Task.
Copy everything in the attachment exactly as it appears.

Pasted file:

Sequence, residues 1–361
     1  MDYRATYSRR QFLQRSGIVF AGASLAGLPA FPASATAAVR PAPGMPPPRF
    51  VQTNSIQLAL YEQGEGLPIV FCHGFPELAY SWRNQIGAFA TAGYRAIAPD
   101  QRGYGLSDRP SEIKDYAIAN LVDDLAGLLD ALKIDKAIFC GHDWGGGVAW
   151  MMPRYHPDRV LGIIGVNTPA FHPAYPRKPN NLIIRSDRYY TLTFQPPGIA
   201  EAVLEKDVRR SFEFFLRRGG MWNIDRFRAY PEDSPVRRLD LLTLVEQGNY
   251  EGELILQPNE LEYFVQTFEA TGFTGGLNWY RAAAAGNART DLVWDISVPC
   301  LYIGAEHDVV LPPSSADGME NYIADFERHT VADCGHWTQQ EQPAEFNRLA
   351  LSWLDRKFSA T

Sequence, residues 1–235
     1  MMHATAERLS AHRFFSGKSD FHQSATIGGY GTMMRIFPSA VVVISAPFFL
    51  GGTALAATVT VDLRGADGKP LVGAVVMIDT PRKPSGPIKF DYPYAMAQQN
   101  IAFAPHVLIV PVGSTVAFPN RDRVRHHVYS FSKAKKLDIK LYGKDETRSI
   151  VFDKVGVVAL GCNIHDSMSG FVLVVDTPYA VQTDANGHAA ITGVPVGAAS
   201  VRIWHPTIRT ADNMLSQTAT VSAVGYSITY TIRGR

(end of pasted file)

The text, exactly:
Sequence, residues 1–361
     1  MDYRATYSRR QFLQRSGIVF AGASLAGLPA FPASATAAVR PAPGMPPPRF
    51  VQTNSIQLAL YEQGEGLPIV FCHGFPELAY SWRNQIGAFA TAGYRAIAPD
   101  QRGYGLSDRP SEIKDYAIAN LVDDLAGLLD ALKIDKAIFC GHDWGGGVAW
   151  MMPRYHPDRV LGIIGVNTPA FHPAYPRKPN NLIIRSDRYY TLTFQPPGIA
   201  EAVLEKDVRR SFEFFLRRGG MWNIDRFRAY PEDSPVRRLD LLTLVEQGNY
   251  EGELILQPNE LEYFVQTFEA TGFTGGLNWY RAAAAGNART DLVWDISVPC
   301  LYIGAEHDVV LPPSSADGME NYIADFERHT VADCGHWTQQ EQPAEFNRLA
   351  LSWLDRKFSA T

Sequence, residues 1–235
     1  MMHATAERLS AHRFFSGKSD FHQSATIGGY GTMMRIFPSA VVVISAPFFL
    51  GGTALAATVT VDLRGADGKP LVGAVVMIDT PRKPSGPIKF DYPYAMAQQN
   101  IAFAPHVLIV PVGSTVAFPN RDRVRHHVYS FSKAKKLDIK LYGKDETRSI
   151  VFDKVGVVAL GCNIHDSMSG FVLVVDTPYA VQTDANGHAA ITGVPVGAAS
   201  VRIWHPTIRT ADNMLSQTAT VSAVGYSITY TIRGR